Information That Will Be Required

The CTA will take effect January 1, 2024.  The first CTA Submissions will become due once new entities are formed thereafter.  FinCEN extended this filing date to ninety (90) days after the date of formation.

Final rules have been issued setting out the information that must be included in the CTA Submission.[4]  The CTA Submission will require extensive information, generally summarized as follows:

1. Information on the Subject Entity

  • The full legal name of the entity, all trade and d/b/a names, and the street address of the entity’s principal place of business.
  • The jurisdiction of formation and EIN of the entity.

2. Personal identification for each individual beneficial owner and applicant

  • The individual’s name, date of birth, and residential address.
  • A copy of one of the following: (a) a non-expired U.S. passport, (b) a non-expired state, local, or tribal identification document, (c) a non-expired state-issued document, or, if these are not available, (d) a non-expired foreign passport.

According to FinCEN, the information contained in the CTA Submission will not be made available to the public.  In general, FinCEN will disclose the information only to federal and state law enforcement agencies and regulators.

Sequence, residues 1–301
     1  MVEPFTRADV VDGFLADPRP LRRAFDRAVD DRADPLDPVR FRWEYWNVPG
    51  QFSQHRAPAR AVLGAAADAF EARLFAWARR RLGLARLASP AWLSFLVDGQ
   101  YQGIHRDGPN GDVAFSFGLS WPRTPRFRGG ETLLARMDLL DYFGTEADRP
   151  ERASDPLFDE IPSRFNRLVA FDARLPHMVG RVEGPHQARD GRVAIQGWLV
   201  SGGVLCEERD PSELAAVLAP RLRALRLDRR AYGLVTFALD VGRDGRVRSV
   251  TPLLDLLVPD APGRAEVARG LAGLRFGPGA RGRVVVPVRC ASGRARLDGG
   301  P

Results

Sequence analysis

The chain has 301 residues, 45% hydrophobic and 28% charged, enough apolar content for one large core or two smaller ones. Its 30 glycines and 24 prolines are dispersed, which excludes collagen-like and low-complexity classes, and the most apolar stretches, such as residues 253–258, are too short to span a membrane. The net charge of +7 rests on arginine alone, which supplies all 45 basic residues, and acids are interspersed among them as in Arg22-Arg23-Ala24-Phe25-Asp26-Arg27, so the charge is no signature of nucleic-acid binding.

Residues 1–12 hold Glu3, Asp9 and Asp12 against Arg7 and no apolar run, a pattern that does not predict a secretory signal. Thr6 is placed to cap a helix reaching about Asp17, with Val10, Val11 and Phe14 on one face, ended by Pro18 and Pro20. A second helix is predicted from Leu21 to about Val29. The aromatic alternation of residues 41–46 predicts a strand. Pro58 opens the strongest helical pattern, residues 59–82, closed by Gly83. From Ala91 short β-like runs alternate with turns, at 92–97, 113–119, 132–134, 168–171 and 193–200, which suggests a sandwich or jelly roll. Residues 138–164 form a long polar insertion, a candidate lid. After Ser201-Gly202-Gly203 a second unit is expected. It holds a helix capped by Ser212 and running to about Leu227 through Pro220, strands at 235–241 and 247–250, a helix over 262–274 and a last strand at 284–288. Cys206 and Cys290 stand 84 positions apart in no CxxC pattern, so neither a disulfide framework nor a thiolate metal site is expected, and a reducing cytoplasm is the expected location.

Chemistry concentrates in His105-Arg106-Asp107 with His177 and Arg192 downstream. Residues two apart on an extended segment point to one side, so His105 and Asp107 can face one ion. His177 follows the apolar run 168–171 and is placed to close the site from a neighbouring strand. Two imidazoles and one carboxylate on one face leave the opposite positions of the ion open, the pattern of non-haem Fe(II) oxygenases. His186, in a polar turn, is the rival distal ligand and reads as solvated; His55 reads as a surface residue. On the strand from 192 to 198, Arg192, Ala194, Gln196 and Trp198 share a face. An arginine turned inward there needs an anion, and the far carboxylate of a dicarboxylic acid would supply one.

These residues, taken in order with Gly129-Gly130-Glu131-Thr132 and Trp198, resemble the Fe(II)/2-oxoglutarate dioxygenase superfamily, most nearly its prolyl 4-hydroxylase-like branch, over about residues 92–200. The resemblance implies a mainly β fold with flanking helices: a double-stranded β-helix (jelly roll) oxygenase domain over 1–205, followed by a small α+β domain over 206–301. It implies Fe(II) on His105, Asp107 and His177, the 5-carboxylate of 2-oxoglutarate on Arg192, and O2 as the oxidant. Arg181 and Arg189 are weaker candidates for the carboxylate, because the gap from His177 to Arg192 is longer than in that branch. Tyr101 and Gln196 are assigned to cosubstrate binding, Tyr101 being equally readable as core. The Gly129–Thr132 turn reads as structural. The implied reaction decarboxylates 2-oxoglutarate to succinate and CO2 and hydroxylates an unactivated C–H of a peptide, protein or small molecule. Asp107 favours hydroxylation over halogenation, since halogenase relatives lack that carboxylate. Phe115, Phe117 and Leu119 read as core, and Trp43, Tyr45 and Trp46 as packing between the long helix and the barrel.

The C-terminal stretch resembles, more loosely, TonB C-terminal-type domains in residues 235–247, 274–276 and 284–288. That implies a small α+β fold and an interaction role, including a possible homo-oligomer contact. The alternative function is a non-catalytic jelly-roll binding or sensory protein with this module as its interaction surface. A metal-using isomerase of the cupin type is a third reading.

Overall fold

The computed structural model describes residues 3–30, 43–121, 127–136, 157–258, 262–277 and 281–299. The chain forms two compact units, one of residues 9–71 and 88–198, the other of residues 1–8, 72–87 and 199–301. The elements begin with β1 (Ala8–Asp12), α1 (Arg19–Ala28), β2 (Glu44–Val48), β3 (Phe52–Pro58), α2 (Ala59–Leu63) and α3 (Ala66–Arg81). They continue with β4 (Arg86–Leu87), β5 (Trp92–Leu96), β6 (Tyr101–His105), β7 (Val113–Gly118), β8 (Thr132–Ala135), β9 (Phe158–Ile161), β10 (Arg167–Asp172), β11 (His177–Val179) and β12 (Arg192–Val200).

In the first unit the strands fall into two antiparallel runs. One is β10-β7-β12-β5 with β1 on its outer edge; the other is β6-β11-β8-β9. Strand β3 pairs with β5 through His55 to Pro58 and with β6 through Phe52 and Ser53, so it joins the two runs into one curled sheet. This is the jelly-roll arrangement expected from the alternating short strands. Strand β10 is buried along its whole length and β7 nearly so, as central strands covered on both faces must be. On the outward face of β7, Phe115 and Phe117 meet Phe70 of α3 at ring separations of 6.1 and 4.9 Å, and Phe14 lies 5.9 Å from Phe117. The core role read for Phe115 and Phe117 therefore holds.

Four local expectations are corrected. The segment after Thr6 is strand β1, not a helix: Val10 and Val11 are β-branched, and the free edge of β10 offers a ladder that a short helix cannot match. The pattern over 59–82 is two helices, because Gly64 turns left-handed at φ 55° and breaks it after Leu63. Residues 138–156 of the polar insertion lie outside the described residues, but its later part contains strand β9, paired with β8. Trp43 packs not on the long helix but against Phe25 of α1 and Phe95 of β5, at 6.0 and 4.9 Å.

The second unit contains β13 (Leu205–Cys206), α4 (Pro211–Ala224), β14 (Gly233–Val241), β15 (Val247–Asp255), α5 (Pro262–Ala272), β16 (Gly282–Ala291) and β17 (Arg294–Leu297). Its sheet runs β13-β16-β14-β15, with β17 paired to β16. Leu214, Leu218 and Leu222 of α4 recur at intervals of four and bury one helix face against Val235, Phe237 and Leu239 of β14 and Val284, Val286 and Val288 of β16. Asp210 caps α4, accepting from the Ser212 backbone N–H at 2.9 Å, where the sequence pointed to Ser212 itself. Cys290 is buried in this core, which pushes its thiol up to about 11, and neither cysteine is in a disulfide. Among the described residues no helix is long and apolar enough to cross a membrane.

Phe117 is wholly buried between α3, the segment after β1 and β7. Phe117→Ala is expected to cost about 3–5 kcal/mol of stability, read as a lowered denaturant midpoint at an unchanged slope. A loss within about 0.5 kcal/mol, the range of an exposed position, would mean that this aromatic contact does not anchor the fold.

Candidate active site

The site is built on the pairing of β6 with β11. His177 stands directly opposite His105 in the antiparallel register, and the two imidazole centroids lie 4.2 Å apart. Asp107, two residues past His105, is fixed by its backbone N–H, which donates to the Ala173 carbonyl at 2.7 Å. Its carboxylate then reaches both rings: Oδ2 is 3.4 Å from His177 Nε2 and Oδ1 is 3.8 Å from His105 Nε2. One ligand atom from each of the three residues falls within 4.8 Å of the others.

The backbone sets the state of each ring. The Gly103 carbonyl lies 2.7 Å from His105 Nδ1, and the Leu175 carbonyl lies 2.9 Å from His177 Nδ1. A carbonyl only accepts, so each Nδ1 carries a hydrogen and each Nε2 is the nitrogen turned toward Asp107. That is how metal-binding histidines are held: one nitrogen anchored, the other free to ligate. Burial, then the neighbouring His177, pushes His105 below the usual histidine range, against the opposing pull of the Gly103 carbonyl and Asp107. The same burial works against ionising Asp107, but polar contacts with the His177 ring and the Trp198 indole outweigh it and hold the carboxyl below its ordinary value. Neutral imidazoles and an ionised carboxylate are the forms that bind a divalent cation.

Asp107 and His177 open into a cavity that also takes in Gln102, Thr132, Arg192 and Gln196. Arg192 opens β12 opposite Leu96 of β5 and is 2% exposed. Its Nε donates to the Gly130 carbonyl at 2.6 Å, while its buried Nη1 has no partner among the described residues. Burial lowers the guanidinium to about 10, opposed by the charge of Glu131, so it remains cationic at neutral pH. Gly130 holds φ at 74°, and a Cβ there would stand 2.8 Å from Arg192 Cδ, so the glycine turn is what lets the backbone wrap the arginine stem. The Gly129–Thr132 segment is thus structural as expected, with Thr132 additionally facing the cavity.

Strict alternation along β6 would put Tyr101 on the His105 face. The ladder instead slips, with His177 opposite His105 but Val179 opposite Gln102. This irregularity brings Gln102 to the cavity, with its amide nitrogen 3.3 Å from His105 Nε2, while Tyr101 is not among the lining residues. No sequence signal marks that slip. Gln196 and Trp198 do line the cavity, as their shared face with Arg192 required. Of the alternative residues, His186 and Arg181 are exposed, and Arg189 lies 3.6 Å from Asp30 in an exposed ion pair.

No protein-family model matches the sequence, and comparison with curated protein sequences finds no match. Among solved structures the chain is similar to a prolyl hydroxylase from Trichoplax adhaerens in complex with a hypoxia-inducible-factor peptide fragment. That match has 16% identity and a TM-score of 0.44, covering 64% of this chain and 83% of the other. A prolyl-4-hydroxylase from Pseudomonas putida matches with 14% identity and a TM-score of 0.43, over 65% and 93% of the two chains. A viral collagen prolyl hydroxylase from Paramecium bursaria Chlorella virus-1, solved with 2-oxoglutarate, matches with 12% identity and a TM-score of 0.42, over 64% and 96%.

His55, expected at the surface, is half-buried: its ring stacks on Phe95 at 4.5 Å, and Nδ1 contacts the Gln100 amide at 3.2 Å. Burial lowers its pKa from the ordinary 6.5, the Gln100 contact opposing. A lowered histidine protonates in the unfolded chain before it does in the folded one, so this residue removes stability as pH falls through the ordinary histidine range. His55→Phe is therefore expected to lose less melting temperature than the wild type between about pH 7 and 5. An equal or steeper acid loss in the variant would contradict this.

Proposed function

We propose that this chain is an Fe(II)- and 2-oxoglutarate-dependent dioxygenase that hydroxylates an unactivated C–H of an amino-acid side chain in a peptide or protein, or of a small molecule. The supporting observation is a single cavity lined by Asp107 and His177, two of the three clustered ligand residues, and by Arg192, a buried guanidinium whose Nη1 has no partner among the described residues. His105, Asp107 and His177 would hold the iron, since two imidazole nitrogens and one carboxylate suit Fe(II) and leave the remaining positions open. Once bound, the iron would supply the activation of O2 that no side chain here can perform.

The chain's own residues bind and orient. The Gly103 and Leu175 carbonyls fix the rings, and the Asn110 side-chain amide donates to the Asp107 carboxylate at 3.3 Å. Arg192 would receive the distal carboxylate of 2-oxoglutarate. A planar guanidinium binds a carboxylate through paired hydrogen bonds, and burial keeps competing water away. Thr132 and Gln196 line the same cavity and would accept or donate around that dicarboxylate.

Beneficial Owners and Applicants

Beneficial owners include any individual who, directly or indirectly, (i) “exercises substantial control over the entity” (e.g., any senior officer) or (ii) “owns or controls 25 percent of the ownership interests of the entity”.[5]  These terms are intentionally broad and will likely be broadly construed.

When entities are formed after January 1, 2024, they will also need to submit information about their applicants.  Applicants include a maximum of two individuals: (i) the individual who directly files the formation or registration document of the reporting entity, and (ii) the individual who is primarily responsible for directing such filing.  Entities that were formed prior to January 1, 2024, will not need to provide information about their applicants.

The Filing Process